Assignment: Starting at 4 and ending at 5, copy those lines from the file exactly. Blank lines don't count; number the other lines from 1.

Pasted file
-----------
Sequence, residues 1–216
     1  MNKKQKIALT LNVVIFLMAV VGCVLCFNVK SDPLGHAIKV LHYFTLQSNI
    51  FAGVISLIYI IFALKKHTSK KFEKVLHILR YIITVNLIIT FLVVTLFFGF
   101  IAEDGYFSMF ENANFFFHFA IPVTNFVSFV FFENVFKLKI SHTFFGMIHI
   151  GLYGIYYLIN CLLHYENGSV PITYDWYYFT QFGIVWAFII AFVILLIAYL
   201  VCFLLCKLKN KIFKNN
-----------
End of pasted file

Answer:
   101  IAEDGYFSMF ENANFFFHFA IPVTNFVSFV FFENVFKLKI SHTFFGMIHI
   151  GLYGIYYLIN CLLHYENGSV PITYDWYYFT QFGIVWAFII AFVILLIAYL